And so if you roll all that together, very strong performance in pricing and analytics as it rebounds from some of the challenges in Europe I mentioned. Continued strong demand for capacity, which I have indicated to you, I believe, is the leading indicator, just like open interest is for future revenue growth out in '21 and '22 and beyond. So solid performance in the connectivity business as capacity grows, and then, challenges in the exchange data space that I don't think would surprise any of you listening to the call.

Jeffrey Sprecher -- Chairman and Chief Executive Officer

Yeah, Alex, this is Jeff. Let me just iterate on that last point because I have mentioned in prior calls, and I want to highlight again for you, that at the Securities and Exchange Commission, there is a group of people that have tried to use the rule-making process to lower the fees for equity exchange data. It's had just the opposite impact, which is, it's paralyzed the exchange data pricing debate. There are lawsuits going on, rule makings, new filings, so on and so forth. This just sort of freezes time and will, in my mind, for a very long time going forward as lawsuits are litigated and appealed and what have you.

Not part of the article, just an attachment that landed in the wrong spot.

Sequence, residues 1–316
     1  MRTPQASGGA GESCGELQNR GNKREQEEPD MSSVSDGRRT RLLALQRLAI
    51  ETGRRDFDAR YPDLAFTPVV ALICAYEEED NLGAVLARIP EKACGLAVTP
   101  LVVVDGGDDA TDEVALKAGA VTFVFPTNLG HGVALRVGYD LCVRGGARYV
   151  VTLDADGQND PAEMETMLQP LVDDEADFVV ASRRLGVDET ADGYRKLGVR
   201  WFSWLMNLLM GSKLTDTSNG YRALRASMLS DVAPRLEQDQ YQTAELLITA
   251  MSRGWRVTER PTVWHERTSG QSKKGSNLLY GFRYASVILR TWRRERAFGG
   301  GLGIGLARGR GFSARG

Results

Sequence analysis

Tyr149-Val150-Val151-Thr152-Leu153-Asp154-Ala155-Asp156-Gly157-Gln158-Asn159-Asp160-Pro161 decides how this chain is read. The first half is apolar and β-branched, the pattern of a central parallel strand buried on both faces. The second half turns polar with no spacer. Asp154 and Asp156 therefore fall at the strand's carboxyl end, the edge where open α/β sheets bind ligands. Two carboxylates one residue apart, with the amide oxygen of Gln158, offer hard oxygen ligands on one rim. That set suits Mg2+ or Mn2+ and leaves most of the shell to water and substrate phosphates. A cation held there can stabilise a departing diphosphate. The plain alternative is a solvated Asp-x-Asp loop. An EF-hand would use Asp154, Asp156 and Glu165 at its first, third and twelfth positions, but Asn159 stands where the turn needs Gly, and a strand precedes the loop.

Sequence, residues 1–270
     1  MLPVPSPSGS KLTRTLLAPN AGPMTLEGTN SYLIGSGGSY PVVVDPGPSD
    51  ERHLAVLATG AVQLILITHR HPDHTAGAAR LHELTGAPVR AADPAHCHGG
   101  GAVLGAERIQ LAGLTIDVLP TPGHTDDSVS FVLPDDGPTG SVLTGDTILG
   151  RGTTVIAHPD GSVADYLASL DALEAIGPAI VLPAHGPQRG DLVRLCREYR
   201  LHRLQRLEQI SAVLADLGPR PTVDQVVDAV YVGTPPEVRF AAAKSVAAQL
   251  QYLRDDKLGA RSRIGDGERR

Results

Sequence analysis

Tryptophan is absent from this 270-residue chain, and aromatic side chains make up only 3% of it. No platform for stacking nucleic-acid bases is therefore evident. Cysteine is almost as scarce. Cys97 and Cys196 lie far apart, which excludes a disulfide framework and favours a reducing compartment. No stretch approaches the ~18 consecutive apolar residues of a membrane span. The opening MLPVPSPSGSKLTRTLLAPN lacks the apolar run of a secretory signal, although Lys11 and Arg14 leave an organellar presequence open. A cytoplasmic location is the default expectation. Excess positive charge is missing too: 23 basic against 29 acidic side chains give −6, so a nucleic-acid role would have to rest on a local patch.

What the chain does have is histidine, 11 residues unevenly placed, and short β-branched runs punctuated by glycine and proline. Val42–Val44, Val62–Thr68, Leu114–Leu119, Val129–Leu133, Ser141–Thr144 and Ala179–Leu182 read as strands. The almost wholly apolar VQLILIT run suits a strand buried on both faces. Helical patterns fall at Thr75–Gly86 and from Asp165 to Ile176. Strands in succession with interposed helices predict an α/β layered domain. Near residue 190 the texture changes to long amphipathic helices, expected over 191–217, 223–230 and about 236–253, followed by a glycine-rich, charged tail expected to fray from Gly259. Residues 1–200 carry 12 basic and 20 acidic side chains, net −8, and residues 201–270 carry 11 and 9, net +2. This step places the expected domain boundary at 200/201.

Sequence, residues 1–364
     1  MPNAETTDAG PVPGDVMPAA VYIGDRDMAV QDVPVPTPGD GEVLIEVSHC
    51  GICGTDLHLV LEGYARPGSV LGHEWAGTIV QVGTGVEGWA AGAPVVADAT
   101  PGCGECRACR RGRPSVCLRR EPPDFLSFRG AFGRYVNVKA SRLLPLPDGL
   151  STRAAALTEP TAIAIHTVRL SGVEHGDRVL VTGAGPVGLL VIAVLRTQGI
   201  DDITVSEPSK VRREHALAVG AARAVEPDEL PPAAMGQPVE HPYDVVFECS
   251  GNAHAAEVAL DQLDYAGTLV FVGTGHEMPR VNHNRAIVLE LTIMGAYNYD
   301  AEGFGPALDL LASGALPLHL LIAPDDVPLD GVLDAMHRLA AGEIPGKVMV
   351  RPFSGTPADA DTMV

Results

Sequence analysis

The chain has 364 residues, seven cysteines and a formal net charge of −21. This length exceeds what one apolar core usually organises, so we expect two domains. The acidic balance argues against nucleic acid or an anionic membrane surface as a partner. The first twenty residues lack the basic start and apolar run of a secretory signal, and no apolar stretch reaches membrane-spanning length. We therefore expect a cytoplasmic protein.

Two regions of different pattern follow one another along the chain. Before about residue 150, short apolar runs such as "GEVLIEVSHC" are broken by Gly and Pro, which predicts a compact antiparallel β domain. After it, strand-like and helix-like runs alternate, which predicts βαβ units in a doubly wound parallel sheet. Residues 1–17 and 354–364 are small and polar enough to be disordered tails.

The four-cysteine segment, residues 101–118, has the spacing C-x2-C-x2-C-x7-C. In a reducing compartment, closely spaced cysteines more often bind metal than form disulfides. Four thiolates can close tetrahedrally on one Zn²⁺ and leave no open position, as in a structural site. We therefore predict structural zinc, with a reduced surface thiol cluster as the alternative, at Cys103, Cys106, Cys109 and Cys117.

So as Scott is putting a model together and as management is thinking about revenue opportunities there, we just basically say it kind of is going to be what it's going to be. I don't expect it to go up. I don't expect to go down. It's really pretty frozen. And I don't think that's necessarily the intent of the customers that have been trying to advocate for this because it's frozen in a sense that we couldn't even lower prices if we wanted to. And so, it's sort of is what it is, and that's why Scott has mentioned, you all that follow this space can see that.